In 2017 Achillea Endeavours was pleased to support Bradley Wright of Bluegrass Farm with a research grant to support his experiment of using rock minerals to improve carrot flavour and nutrition. According to Brad’s view of soil science, “there is not enough consideration of micronutrients, trace nutrients and rare nutrients. As agriculture has relied heavily on yields, the science has focused on nitrogen, phosphorus and potassium.” It is Brad’s belief that farmers can achieve better tasting, healthier food, “through a combination of increasing nutrient availability via rock mineral additions, increasing soil biology diversity, and increasing organic matter and soil organic carbon.”
His project involved using three separate rock minerals as soil amendments to a carrot crop. The carrot was chosen as it is a vegetable that most people can taste the difference conventional and organic. Testing was conducted with a refractometer to determine brix levels. Brad kept track of three different carrots beds, completed the brix testing and had his CSA members participate in a taste test.
Of the three rock minerals applied, the application of basalt to the soil resulted in that bed of carrots having the highest brix levels. These were also the carrots that CSA members identified as having the best taste and sweetest flavour.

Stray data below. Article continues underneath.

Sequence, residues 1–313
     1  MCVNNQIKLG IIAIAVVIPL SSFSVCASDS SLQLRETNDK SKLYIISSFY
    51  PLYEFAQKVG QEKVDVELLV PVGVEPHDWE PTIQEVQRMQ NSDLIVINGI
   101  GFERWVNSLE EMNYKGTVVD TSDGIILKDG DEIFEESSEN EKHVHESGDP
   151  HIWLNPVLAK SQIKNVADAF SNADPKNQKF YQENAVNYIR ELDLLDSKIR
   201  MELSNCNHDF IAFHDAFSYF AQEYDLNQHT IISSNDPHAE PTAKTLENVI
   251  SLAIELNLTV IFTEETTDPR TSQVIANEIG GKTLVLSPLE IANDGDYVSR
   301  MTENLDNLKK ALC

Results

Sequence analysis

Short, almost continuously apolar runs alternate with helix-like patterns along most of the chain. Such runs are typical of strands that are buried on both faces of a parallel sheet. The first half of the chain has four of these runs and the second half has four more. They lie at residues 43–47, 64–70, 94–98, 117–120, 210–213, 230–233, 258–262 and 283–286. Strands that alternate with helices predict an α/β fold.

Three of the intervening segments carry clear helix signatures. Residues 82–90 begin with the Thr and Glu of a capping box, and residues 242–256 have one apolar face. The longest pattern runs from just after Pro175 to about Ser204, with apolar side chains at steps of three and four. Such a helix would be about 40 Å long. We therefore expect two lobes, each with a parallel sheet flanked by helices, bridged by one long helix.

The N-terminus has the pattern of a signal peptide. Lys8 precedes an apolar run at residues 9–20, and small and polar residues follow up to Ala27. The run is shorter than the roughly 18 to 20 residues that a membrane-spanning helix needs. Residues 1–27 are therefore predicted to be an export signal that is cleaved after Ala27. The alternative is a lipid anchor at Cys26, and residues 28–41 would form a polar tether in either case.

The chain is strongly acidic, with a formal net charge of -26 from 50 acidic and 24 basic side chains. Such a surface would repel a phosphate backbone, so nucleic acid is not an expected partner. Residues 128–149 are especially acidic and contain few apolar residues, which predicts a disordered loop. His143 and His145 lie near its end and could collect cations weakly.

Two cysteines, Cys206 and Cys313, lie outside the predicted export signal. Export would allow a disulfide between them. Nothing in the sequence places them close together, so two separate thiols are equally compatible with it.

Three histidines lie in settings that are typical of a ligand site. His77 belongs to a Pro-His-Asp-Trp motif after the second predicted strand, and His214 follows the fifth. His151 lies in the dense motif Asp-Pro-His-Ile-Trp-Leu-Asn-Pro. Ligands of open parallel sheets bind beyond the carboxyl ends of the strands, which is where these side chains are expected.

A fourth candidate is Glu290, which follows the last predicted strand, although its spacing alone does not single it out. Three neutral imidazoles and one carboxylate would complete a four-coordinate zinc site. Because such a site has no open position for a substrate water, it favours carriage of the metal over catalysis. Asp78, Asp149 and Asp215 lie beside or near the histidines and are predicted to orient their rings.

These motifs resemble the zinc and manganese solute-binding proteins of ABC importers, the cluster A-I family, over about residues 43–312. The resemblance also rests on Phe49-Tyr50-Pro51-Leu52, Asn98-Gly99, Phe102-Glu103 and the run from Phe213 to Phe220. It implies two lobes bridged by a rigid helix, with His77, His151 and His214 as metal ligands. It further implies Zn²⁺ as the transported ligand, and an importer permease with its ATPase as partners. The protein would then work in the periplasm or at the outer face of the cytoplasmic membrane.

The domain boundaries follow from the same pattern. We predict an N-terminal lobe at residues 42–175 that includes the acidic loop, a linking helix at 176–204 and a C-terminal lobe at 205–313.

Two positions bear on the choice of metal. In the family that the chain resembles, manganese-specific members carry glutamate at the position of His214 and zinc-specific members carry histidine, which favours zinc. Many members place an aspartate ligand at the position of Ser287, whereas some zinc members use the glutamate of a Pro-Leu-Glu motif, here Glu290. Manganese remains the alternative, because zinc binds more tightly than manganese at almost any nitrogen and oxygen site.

As a result of this research study, Brad feels, “that there is a need for more holistic soil science, where we consider the role of micronutrients not just on plant yield, but on plant nutrition, soil microorganism activity and human health. There is an urgent need to remineralize the land with micronutrients and trace elements that play critical roles in the agroecosystem.” He concludes, “rock minerals are cost effective, slow release, and readily available. In contrast to conventional chemical fertilizers, rock minerals offer a low risk of groundwater contamination and are compliant with the organic production regime. Our initial experiment has shown enough promise that it is worth further investigation of additional rock dusts on carrots and other vegetable crops at Bluegrass Farm.”
You can read all the details of this project here.
Sergei Prokudin-Gorskii [Public domain or Public domain], via Wikimedia Commons
“Tolstoy’s portrayal of a man seeking his own soul and spirit is as relevant today as ever.”
Saturday March, 3 at 2:00 pm, Filum Productions and Achillea Endeavours present:
At the height of his fame and success, Tolstoy realized he had no idea why he was alive.
Based on the book by Leo Tolstoy, performed by Peter James Haworth and directed by Julie LeGal
This is a benefit performance for ArtiCulture.ca
Tickets are available here.
Achillea Endeavours presents Michael Schmidt as their keynote speaker at their annual fundraising event, Saturday April 8th at the Ottawa Public Library, 120 Metcalfe St, Ottawa, at 3pm.